And on Friday night, Boehner himself was unsure what would happen. Halfway through a closed-door meeting of House Republicans, an aide approached Boehner, slipped him a piece a paper, which he read and quickly pocketed.
He then stepped to the podium, and announced what everyone had been waiting for.
“We have a deal,” the Ohio Republican said around 10:30 p.m.
And with that, Boehner had something more — a defining moment in his speakership and a chance to set aside questions about his ability to manage an unwieldy caucus of conservatives, at least for now.
The 61-year-old, swept into the speaker’s chair during last November’s GOP landslide, faced down two Democrats — Barack Obama and Senate Majority Leader Harry Reid (D-Nev.) — and answered doubts from the conservative movement about whether he was a true believer.
His colleagues stood and cheered at his announcement of a deal, knowing Boehner secured more than $38.5 billion in cuts, a far higher figure than many of them expected just days before. Boehner still has to get the votes next week for the long-term budget deal, and he’s got a huge sales job ahead on raising the debt limit, not to mention debating the entire 2012 budget.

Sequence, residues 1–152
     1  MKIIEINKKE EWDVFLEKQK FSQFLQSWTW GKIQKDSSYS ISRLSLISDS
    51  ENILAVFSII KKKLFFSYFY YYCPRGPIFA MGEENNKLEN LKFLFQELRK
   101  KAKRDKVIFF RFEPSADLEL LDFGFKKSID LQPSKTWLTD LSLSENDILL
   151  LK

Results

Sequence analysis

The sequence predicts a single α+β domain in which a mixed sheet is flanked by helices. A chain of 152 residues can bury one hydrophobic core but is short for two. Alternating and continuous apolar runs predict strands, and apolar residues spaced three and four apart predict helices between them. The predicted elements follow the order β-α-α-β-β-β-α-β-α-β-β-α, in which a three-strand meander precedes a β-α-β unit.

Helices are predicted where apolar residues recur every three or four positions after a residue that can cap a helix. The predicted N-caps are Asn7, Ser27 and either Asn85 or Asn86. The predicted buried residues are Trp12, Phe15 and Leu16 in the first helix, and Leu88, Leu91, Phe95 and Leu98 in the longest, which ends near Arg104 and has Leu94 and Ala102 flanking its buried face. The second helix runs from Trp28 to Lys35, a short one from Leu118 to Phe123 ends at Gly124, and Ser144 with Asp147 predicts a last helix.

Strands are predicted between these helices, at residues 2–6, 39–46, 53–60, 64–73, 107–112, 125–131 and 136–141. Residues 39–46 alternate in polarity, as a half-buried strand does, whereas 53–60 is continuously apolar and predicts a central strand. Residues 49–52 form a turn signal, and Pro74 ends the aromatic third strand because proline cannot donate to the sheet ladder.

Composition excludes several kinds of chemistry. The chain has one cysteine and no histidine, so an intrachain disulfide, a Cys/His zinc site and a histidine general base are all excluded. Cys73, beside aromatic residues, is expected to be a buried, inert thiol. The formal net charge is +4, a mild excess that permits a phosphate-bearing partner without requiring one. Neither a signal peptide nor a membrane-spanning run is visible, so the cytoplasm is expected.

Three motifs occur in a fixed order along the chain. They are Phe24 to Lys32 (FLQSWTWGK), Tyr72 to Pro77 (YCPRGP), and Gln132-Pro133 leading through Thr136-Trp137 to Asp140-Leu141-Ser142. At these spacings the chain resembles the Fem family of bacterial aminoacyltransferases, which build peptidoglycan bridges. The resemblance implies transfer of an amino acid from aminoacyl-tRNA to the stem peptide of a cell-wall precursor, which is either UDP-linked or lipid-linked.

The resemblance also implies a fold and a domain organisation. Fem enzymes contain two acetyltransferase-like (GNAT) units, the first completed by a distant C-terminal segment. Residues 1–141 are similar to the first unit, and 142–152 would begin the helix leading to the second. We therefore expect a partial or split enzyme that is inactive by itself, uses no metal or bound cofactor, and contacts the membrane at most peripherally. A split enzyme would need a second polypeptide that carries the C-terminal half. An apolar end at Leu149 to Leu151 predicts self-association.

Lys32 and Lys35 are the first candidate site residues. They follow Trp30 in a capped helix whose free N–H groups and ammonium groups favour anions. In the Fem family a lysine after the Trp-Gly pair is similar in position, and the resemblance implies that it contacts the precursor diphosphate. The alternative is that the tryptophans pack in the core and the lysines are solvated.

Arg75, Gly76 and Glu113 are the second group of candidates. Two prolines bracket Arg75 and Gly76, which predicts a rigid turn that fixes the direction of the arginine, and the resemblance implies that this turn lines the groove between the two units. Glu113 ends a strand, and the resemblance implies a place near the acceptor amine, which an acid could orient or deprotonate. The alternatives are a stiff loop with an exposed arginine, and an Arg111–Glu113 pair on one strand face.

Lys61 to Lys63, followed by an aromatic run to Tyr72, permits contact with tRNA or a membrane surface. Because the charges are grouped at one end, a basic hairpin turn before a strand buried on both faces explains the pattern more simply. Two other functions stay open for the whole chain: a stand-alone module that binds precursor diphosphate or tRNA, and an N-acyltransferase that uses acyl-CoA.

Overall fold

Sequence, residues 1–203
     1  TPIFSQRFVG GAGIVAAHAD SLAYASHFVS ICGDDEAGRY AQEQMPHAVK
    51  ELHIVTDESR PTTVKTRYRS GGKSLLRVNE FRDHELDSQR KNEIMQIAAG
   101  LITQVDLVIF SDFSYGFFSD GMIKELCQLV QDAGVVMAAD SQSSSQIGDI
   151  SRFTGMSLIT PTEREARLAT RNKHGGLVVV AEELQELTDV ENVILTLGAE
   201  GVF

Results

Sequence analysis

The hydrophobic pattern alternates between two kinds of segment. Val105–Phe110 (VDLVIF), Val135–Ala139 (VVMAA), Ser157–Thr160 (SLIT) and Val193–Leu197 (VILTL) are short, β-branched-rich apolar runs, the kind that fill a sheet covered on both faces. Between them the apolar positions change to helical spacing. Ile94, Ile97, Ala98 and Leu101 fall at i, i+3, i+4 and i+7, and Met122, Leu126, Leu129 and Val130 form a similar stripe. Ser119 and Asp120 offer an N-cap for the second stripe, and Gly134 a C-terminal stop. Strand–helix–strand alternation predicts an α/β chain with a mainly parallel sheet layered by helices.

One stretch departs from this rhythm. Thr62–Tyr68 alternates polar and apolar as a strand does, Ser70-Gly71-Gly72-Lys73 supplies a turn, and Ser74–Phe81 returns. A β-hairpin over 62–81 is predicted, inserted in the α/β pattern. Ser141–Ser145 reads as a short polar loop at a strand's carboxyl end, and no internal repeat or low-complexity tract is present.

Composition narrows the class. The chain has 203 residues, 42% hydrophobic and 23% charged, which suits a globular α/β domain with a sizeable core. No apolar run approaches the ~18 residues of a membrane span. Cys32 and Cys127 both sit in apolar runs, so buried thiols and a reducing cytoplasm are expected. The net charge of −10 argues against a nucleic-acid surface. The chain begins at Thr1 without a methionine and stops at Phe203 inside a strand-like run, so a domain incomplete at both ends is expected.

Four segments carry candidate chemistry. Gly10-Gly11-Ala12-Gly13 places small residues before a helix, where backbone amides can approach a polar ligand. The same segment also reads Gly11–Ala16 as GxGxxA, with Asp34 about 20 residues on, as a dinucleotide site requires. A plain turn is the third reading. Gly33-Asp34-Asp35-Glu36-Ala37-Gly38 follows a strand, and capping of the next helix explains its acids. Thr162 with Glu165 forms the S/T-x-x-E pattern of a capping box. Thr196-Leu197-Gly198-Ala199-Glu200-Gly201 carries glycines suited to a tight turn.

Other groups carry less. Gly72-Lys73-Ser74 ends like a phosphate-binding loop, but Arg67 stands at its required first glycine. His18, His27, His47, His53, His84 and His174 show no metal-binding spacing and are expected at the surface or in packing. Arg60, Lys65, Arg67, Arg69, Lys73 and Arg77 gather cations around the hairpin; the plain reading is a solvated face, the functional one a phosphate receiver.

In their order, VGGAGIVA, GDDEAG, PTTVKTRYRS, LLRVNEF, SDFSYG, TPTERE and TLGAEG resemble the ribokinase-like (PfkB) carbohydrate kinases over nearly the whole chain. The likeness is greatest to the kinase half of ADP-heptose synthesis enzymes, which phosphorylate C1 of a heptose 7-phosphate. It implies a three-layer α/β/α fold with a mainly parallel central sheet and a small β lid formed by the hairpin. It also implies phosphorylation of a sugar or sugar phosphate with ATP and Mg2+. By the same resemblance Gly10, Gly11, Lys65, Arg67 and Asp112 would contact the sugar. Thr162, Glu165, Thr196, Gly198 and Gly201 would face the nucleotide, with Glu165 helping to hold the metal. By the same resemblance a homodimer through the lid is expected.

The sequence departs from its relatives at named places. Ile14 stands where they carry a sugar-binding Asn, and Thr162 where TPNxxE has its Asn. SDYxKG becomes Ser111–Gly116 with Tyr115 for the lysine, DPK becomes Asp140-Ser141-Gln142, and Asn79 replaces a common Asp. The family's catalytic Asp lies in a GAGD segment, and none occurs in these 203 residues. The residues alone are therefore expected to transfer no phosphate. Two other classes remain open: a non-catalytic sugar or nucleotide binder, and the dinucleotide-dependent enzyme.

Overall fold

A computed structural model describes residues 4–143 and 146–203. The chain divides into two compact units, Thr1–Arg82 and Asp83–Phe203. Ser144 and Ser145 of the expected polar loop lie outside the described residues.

“It’s a big deal. It shows a great deal of leadership,” said Ways and Means Committee Chairman Dave Camp (R-Mich.), a Boehner ally. “It’s a big win for the speaker.”
In a larger sense, Boehner has achieved more than just a short-term budget victory — in his first three months as speaker, he’s helped turn the entire Washington dialogue into a debate about the size and scope of government. He started the year by getting rid of earmarks, he’s pushing through some of the deepest spending cuts in American history, and he’ll now try to get most of the GOP Conference on board with Rep. Paul Ryan’s fiscal 2012 budget — one of the most audacious long-term spending plans in recent memory.
All this came together from a politician who was kicked out of leadership 12 years ago and came to the speaker’s job with serious question marks from the right about how he would go about dealmaking with a Democratic president while corralling the 87-strong group of GOP freshmen.